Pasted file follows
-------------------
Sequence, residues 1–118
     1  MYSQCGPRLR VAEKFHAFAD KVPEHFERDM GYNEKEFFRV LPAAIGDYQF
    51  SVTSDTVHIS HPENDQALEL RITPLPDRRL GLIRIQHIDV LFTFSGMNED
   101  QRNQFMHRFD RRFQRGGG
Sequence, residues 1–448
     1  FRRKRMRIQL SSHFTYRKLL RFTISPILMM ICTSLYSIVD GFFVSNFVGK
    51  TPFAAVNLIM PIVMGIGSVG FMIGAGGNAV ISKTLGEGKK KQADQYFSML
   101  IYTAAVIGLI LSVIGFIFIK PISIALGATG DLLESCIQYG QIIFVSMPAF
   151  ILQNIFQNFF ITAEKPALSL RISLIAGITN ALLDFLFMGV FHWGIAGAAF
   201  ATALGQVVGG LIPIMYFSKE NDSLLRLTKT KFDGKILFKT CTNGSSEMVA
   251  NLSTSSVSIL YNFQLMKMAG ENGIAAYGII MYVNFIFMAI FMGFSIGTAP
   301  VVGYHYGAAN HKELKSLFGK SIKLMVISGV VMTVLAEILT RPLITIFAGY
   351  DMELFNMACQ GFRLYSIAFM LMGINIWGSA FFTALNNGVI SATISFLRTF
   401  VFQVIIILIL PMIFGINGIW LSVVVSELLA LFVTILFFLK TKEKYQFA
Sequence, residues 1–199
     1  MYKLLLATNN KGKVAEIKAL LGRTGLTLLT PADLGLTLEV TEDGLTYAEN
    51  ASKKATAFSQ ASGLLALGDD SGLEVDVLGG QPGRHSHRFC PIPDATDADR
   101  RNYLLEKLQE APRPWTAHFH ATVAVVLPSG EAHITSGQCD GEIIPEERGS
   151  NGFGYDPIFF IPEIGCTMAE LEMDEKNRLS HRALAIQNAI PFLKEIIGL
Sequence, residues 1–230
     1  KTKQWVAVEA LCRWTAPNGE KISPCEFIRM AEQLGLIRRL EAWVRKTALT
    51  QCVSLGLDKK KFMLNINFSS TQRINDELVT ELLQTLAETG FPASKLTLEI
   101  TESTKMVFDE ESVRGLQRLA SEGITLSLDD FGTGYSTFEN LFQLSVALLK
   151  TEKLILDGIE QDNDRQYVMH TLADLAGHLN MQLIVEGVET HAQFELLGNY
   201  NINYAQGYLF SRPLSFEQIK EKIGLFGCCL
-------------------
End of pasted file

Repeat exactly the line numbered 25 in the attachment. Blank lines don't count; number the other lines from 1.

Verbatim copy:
   201  NINYAQGYLF SRPLSFEQIK EKIGLFGCCL